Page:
President Donald Trump set his sights on GM for the first time in a while, calling out the U.S. automaker for shrinking its manufacturing presence in America and employing the smallest amount of union workers among the big three automakers in Detroit.
A Bloomberg report released Thursday revealed GM’s 46,000 United Auto Workers trail Fiat-Chrysler by roughly 1,200 and Ford by a whopping 9,000, according to headcounts submitted by each of the companies. It’s the first time GM is behind its competition in union employment since the UAW was founded over eight decades ago.
Trump took to Twitter to rail against the company that was “once the Giant of Detroit,” criticizing the automaker for moving manufacturing to China, and suggesting “they should start moving back to America.”
General Motors, which was once the Giant of Detroit, is now one of the smallest auto manufacturers there. They moved major plants to China, BEFORE I CAME INTO OFFICE. This was done despite the saving help given them by the USA. Now they should start moving back to America again?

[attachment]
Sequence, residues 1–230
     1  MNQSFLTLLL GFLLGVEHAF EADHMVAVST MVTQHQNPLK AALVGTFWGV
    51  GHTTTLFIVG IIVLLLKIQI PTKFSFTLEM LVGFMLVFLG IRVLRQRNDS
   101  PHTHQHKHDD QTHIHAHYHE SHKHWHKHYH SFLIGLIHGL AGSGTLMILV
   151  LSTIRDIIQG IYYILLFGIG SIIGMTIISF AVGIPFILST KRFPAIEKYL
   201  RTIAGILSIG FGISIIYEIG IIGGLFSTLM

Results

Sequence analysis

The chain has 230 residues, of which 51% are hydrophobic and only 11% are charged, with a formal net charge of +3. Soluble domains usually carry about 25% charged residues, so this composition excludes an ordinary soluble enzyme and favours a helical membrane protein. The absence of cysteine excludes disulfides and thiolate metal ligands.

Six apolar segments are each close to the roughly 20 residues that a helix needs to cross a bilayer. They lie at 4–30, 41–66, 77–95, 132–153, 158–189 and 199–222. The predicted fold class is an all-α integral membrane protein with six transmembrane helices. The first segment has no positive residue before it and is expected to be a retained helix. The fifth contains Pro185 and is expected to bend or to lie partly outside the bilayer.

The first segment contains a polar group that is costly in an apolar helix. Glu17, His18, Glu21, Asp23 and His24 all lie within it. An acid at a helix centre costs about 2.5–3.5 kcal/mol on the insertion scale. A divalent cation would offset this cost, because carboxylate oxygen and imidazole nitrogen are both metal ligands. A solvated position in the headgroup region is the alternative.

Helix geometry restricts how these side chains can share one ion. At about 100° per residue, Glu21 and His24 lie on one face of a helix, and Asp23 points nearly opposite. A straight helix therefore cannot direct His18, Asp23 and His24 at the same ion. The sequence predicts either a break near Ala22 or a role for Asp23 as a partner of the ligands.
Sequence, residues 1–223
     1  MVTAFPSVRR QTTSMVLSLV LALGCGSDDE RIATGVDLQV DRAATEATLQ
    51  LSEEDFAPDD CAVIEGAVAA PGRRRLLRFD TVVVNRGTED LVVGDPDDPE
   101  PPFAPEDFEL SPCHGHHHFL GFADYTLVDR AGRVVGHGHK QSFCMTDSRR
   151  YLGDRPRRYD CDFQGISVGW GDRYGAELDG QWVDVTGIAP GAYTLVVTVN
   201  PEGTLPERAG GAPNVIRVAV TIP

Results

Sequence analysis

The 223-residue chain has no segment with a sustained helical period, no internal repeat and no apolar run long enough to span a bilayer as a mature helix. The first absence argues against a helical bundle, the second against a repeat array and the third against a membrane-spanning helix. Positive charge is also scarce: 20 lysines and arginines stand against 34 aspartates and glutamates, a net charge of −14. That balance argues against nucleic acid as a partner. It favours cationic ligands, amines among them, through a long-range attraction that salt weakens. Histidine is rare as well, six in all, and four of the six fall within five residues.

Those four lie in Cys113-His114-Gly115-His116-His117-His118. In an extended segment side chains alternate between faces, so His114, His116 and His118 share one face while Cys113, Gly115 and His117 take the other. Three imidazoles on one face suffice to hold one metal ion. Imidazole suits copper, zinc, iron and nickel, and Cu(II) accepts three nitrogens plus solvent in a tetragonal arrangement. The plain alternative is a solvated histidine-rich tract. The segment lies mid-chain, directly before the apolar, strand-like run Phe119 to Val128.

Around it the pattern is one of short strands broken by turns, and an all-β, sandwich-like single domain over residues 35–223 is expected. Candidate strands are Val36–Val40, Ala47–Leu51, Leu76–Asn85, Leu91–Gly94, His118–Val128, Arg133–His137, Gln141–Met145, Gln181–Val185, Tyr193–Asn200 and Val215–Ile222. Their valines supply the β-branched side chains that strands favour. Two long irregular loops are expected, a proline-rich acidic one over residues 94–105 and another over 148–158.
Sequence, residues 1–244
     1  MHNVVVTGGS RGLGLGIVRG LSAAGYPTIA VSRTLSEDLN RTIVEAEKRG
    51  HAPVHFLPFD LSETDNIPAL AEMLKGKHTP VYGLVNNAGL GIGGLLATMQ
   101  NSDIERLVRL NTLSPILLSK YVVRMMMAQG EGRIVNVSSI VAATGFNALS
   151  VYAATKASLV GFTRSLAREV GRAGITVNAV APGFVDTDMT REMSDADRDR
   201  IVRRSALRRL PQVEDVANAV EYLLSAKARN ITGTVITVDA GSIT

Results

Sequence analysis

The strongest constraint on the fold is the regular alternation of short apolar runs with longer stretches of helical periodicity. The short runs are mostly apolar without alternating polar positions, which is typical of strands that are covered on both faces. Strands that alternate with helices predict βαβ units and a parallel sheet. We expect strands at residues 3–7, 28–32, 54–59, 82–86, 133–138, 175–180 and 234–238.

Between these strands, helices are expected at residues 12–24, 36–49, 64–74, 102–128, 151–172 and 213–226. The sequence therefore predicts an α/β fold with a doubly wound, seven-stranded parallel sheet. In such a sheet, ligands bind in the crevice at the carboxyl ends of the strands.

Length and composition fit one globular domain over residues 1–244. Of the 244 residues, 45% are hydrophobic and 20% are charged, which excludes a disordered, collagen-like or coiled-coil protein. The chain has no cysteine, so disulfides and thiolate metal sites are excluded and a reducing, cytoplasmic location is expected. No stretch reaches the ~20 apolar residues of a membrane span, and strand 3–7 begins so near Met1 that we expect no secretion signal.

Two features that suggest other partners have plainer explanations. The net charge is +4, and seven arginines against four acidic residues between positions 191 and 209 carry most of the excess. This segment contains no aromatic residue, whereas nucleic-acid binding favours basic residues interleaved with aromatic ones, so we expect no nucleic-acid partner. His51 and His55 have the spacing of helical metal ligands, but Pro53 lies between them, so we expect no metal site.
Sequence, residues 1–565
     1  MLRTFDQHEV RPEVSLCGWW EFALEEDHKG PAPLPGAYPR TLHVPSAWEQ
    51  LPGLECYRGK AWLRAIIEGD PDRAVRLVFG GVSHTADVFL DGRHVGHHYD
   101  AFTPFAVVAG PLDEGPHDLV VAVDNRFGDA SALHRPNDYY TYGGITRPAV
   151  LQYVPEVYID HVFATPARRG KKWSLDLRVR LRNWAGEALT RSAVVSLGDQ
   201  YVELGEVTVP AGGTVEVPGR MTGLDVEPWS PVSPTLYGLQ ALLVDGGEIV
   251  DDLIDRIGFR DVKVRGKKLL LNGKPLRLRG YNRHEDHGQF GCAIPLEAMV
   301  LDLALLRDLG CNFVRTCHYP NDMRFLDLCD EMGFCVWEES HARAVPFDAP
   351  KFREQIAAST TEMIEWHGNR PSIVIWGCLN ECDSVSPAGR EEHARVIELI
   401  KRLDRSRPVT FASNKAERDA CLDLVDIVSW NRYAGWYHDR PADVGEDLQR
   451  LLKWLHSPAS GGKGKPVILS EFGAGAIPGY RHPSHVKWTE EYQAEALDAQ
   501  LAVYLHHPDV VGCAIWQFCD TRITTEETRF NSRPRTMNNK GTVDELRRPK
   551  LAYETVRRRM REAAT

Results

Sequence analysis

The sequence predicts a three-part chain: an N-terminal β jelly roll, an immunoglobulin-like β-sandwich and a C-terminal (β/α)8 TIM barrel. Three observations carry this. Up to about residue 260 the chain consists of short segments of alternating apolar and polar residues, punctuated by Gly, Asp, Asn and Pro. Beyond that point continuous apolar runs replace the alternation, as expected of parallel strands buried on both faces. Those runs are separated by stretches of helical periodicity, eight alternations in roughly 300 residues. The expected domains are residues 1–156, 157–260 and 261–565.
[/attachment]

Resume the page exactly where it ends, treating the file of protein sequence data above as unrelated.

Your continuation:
— Donald J. Trump (@realDonaldTrump) August 30, 2019
GM’s 46,000 is actually 2,000 fewer than it had in 2009 after the U.S. government helped bail it out and reorganize after filing for bankruptcy, according to Bloomberg.
Trump’s tweet could increase pressure on the big three automakers as they negotiate a new four-year labor contract with the UAW later this year. The union claims it is going for a bigger slice of compensation after seeing the automakers rake in record profits in recent years.
“They expect to share in the profits for their hard work,” UAW President Gary Jones said in an interview back in July.
GM’s factories in China almost exclusively produce cars and parts for that foreign market, which may not be contributing to the workforce decline. But America’s neighbor to the south could be a much bigger offender.
The auto giant moved production of its Chevrolet Blazer to Mexico, making it the top automaker in that country over Japan’s Nissan Motor Co. The UAW slammed the move, as it forced one factory in Janesville, Wisconsin to shut its doors.